Melbourne Fringe Festivals G’Day Habibi

Entering the pub style restaurant, the notable bright green poster welcomes you.

 

‘This is a Fringe venue’.

 

Soon the sound of a delicate bell rings, 15 minutes late.

 

“Those for G’Day Habibi, please make your way up the stairway”.

 

The narrow staircase allows only one person at a time and you have to watch your feet as you go so you don’t trip over. It leads to a small room where a simple stage has been set.  A black backdrop with a guy sitting at a red key board. Towards the back of the room sits a man, working the lights and sound. Flashes of green and purple swirl across the room with the spot light fixated on the stage. More people file in. IMG_2124

 

The music playing has a notable Middle Eastern tone. It gives the atmosphere a sense of liveliness and creates energetic tones. There is a key change and the tempo increases, or did the song change altogether? It’s hard to tell as it’s not sung in English.  Lights of different hues begin to dance around everyone’s head, making it feel like a nineties disco. A young woman walks out from behind the black curtain. Wearing a pink sequenced dress and a scarf covering her head she starts to sing.

 

Fighting for attention, G’Day Habibi was one among a hundred or so performances featured at last years, 2016, Melbourne Fringe Festival. For over thirty years The Fringe Festival has helped emerging artists and performers showcase their talents to the wider public.

 

This particular cabaret explores the diversities and differences that come from being half Lebanese and half Australian. Written and performed by Danielle Faour, the cabaret breaks down the stereotypes of this Middle Eastern culture through the use of comedy and song. Developed from a 30-minute show she performed at Fab Nobs Theatre, Faour tells of how she received a grant to develop the idea further but only recently took action.

“Two years’ kind of went past and I didn’t do anything with it and then I saw the ads for Fringe and thought that’s it. I’m going to do it. So then I expanded the show and then here we are.”

 

The title of the performance denotes the fusion of cultures. ‘G’Day’, common Australian slag for hello and ‘habibi’, a Lebanese term to describe love and affection towards another. Thus the title means ‘hello friend’, this is all explained in the first few minutes of the show. When Faour would exclaim, “G’Day Habibi’s” the audience is expected to shout or respond back with just as much vigour. Looking around the small room you could see the over-arching Australian presence. But like a true performer Faour adapts and engages with her audience to the point where you would see yourself doing the Lebanese clap and singing along to the so called wedding playlist, where Aussie hour is Chris Brown on repeat. Such moments helped keep the spirit of the room upbeat and alive, though the rave style lighting choices sometimes took away such feelings.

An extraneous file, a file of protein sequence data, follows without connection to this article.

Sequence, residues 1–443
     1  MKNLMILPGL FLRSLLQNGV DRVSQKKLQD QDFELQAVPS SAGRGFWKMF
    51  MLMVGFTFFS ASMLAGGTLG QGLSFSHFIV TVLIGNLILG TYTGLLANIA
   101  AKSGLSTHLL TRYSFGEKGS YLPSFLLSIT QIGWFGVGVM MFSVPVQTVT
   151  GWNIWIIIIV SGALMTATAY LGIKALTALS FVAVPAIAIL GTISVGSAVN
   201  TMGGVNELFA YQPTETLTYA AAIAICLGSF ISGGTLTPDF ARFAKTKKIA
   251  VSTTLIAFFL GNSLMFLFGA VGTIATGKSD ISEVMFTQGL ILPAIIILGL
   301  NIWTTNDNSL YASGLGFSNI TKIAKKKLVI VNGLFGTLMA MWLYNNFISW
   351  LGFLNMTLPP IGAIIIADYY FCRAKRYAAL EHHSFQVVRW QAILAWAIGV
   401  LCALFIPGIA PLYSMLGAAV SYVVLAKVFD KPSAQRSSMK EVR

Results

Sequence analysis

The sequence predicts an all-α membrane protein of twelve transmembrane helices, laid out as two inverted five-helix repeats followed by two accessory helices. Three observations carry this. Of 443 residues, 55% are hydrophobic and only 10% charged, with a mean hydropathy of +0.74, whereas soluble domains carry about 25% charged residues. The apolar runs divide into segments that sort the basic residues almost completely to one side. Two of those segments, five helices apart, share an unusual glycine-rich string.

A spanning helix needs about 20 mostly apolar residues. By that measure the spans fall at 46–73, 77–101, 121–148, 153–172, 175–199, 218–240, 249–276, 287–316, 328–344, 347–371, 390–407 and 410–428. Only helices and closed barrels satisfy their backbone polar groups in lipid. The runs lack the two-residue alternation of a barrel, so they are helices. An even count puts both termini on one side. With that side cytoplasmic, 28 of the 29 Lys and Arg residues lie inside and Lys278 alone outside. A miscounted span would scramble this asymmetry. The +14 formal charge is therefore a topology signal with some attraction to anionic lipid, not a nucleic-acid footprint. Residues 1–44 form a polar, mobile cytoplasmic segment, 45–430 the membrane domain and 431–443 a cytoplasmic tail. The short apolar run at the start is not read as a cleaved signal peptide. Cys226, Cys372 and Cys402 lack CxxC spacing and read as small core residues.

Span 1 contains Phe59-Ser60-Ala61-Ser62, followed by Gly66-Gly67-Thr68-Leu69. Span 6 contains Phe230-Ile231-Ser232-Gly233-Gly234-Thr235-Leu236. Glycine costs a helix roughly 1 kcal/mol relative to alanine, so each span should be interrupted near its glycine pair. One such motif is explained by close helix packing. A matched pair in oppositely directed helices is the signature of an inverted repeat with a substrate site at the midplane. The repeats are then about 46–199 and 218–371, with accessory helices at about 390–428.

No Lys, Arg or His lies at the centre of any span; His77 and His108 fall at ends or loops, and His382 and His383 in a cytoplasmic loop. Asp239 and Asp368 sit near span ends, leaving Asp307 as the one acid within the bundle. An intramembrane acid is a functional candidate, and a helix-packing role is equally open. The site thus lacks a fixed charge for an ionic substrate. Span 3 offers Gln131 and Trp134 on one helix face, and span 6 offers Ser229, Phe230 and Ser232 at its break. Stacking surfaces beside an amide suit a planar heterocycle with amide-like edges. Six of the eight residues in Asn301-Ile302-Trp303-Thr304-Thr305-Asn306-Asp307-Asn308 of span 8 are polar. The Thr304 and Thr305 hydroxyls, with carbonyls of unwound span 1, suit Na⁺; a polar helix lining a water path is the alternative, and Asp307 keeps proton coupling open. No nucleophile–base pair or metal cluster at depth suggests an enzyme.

“I feel like it keeps people engaged”, says Faour when asked about audience participation.

IMG_2127

“Because sometimes when you are just talking at them or whatever people don’t really pay as much attention. Whereas they feel they have to pay attention if they know you might like ask them to do something.”

 

And she did, multiple times. Asking the audience questions and at one point having a Lebanese style Family Feud.

Though the nakedness of the stage and room sometimes felt bare and dull, Faour makes up in her energetic spirit and witty charm. She forces you to use your imagination as she describes her cousins wedding and how all the men were on the lookout for a wife.  She sings about her dad’s obsession with buying and collecting life size boats and adoring himself over a particular vessel with a large shark sticker plastered on the side. After it all you realise that if there were any props it would have been too distracting.

 

Apart from her pink sequined dress the only other colour on stage is the cherry red keyboard played by her accompaniment, Angus Gray. He was not Danielle’s first choice. After asking other close friends and being turned down she turned to social media.

 

“It’s called like Melbourne Musical Theatre musicians or something and I just posted on there and said you know hey I’m doing a comedy cabaret you know these are the details who’s interested”.

 

Angus was one of many who responded.

 

“I saw the post for a pianist and thought yeah, that would be fun.”